SBD/Issue 163/Facilities & Venues

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  • MSG Renovation Will Force Summer Shutdowns Starting In '11

    Renovation Project To Modernize Madison
    Square Garden Expected To Cost $775-850M

    A renovation project designed to modernize 42-year-old Madison Square Garden "will move into high gear next year with the first of three summer shutdowns," and "each year, construction will start with the end of the Knicks' season or the Rangers', whichever comes later," according to Richard Sandomir of the N.Y. TIMES. Turner Construction is renovating the arena and "needs about 20 consecutive weeks from the end of play." The renovation will cost $775-850M, "much higher than the $500[M] estimate made by Garden officials when they first unveiled plans" in April '08. MSG President & CEO Hank Ratner said that the lower figure was "based on a design concept that had not been fully fleshed out." The current estimate is "based on elaborate drawings of every element of the construction plan." MSG spent $60M to "start the renovation in areas not visible to the public through the end of 2009," and Ratner "declined to say how much has been spent since or how much the Garden, which hosts about 300 events a year, is giving up in revenue for events that cannot be booked during the closures."

    CLOSED FOR BUSINESS: Sandomir notes the WNBA Liberty "will have to play home games elsewhere beginning in 2011," and a "possibility" is Prudential Center in Newark. After the NBA Draft on June 24, the Theater at MSG "will be closed to support the work that is needed to support the construction of the upper floors," though the Theater itself "does not need renovation and is expected to reopen in the fall." In October '11, MSG "plans to reopen with its lower bowl seats refurbished and the 20 event-level suites ... ready to be occupied at rents of about" $1M each. Meanwhile, about 1,500 seats in the upper bowl "will be covered at the start of the 2011-12 season," but Ratner said that they "should be finished early in the season." Most of those seats are "not committed to season-ticket holders, but those who have seats will be temporarily relocated." Opening in October '12 will be a "partly finished upper-level concourse, a party deck and the Super Club, an area the size of 10 suites." The Delta Club, which "will serve patrons of the elite event-level suites, will also open." In October '13, the "final phase -- the open-air, two-level Seventh Avenue lobby -- will open with large projection screens and a television studio." Ratner: "This isn't a renovation. This is a new building within the familiar exterior of the Garden" (N.Y. TIMES, 5/6).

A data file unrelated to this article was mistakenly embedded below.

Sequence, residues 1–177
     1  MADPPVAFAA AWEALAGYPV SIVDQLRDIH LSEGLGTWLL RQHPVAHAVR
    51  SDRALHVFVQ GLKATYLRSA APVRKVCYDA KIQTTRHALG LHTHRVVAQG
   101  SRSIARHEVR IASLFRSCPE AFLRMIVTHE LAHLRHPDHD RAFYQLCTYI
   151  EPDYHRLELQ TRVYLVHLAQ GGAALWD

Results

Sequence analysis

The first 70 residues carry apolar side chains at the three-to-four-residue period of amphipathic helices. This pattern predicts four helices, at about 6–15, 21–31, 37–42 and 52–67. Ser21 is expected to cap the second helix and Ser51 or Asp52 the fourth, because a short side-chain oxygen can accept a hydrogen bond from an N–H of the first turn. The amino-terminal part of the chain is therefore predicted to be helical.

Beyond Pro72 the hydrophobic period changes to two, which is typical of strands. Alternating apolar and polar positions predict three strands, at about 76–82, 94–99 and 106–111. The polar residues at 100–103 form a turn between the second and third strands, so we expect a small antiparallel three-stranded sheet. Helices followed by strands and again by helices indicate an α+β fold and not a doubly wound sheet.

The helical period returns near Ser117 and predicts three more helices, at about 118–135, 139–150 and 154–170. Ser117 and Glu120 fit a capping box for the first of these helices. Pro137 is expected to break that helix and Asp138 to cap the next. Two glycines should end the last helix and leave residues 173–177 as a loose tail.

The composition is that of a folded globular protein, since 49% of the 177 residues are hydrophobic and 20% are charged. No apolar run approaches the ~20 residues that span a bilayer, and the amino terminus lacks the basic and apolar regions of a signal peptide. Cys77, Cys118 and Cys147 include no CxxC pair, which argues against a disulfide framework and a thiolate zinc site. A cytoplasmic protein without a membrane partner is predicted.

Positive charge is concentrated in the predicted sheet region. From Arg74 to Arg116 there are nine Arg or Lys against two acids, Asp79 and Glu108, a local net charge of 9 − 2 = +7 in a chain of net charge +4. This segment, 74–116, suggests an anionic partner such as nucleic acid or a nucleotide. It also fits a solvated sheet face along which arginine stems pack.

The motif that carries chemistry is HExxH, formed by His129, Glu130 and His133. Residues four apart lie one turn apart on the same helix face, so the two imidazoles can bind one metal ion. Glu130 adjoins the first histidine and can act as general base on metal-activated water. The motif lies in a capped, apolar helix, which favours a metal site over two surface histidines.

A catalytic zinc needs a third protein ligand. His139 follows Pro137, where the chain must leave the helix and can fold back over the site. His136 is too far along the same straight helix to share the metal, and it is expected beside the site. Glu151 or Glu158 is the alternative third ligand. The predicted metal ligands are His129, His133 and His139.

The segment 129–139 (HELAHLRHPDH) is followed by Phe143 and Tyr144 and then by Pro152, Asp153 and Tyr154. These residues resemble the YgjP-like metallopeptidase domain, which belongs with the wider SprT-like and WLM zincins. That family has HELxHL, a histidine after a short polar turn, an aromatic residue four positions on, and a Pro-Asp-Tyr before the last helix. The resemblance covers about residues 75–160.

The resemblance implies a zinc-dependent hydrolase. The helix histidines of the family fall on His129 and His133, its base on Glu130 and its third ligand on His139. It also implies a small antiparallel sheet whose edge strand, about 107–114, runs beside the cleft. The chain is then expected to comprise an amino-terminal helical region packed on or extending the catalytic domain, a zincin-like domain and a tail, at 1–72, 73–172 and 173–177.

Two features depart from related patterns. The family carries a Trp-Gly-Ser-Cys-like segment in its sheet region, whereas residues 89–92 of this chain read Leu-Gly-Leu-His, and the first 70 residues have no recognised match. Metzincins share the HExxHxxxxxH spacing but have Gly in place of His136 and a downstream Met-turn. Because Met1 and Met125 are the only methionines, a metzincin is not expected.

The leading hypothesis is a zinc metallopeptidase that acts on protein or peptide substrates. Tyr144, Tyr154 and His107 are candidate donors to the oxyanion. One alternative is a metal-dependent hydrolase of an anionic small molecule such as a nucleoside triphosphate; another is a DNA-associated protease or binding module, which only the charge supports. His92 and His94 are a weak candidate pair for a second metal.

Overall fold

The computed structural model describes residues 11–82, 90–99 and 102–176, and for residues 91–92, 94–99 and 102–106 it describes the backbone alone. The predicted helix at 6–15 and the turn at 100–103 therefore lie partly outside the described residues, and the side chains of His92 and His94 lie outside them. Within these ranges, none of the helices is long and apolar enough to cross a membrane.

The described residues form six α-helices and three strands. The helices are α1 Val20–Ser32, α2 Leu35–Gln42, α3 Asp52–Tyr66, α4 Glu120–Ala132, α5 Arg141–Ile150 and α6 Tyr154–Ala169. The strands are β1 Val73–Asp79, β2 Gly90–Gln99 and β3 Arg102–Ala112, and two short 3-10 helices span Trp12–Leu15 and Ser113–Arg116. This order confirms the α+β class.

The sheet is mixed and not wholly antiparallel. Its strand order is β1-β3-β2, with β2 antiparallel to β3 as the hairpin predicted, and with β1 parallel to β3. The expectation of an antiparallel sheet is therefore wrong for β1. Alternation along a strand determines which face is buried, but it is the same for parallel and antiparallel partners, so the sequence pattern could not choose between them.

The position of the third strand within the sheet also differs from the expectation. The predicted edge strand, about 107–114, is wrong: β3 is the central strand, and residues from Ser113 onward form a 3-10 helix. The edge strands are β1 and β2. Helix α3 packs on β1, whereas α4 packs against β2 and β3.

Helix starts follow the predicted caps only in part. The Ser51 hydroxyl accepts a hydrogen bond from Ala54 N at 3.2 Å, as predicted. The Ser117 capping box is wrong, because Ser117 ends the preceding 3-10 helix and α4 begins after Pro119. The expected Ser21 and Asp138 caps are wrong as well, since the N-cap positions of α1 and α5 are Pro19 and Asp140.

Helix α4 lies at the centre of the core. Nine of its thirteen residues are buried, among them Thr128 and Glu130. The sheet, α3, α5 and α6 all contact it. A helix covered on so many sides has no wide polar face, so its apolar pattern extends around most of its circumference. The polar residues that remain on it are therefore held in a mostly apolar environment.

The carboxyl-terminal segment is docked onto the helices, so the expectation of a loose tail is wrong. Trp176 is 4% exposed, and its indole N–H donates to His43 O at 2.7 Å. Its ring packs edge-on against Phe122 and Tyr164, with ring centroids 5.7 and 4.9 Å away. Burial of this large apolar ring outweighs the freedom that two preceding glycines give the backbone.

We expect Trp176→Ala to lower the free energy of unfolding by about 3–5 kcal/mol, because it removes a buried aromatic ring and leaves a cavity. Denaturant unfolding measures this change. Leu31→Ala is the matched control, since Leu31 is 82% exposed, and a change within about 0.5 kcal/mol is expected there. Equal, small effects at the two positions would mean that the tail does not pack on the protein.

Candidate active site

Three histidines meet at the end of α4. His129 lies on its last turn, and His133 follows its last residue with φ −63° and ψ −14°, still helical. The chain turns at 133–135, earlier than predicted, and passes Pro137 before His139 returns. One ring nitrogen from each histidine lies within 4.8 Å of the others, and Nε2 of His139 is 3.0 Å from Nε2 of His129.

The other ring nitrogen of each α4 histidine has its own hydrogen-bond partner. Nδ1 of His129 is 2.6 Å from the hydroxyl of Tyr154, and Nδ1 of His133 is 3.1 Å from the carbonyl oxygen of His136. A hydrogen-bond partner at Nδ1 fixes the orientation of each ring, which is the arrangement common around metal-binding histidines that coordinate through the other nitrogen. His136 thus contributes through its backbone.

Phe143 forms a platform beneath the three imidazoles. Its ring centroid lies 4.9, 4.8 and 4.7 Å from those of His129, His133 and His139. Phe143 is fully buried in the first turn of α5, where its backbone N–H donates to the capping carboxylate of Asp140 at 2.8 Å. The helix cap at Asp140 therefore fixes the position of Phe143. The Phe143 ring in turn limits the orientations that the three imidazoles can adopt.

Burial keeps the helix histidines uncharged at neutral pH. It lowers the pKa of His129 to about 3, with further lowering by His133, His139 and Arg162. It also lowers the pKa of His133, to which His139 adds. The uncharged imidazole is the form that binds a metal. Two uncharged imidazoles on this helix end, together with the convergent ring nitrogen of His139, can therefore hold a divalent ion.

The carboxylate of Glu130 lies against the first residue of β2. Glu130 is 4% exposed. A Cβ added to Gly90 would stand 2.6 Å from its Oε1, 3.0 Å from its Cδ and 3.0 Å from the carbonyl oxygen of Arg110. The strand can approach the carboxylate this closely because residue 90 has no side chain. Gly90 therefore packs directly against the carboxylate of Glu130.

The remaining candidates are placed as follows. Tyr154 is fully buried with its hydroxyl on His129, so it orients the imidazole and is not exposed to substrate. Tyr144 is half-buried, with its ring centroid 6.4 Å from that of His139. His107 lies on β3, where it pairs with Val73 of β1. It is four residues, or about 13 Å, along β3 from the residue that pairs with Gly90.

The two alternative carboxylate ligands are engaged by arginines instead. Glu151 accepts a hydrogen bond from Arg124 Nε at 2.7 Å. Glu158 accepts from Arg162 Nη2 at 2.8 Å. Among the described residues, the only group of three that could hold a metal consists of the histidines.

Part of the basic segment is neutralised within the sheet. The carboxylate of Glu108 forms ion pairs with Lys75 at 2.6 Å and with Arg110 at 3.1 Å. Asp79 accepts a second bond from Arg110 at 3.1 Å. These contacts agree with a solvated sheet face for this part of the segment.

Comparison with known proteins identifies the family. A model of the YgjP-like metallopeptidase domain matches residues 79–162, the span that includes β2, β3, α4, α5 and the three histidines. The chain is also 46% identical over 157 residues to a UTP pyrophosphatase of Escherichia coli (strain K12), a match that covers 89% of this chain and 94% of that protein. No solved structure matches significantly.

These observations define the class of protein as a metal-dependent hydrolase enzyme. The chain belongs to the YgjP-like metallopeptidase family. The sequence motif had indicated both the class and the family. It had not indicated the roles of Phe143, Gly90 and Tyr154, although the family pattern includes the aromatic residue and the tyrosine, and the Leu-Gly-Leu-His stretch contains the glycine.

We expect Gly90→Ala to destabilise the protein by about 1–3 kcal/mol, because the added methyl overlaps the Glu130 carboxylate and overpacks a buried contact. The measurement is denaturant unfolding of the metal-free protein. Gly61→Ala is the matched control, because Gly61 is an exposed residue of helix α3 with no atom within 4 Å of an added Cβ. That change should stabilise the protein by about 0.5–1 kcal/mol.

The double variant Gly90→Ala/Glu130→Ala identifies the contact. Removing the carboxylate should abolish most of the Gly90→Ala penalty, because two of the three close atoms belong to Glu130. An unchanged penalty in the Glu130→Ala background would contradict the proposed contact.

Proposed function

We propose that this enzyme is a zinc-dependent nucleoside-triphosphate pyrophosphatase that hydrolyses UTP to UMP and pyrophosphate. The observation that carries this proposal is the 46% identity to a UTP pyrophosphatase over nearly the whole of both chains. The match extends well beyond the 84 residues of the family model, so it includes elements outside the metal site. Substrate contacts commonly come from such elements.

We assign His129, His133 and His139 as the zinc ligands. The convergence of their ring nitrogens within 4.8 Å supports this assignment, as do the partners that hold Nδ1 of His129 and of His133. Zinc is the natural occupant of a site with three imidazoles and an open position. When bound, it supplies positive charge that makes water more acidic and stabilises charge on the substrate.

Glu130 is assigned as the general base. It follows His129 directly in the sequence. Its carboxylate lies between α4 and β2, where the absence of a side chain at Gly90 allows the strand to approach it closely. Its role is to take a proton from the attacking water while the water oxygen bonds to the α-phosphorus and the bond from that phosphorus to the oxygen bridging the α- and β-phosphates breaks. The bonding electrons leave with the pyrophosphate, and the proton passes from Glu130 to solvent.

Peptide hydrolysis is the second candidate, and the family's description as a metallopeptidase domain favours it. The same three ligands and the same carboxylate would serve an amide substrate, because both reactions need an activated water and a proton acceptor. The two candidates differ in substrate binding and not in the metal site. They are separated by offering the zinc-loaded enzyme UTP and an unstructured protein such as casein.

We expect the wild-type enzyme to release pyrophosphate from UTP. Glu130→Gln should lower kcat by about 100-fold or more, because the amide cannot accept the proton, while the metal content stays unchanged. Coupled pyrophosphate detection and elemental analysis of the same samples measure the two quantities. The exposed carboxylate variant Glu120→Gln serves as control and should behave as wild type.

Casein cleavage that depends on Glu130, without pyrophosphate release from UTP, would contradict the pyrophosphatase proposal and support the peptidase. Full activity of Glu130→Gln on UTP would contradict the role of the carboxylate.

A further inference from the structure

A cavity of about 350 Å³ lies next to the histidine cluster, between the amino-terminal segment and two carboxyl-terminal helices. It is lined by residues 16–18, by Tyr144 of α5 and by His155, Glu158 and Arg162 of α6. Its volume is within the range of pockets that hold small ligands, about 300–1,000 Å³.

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  • Vikings Stadium Proposal Suffers Setbacks, Undergoes Changes

    Senate Committee Has Substituted A Plan Under
    Which Season-Ticker Holders Could Buy PSLs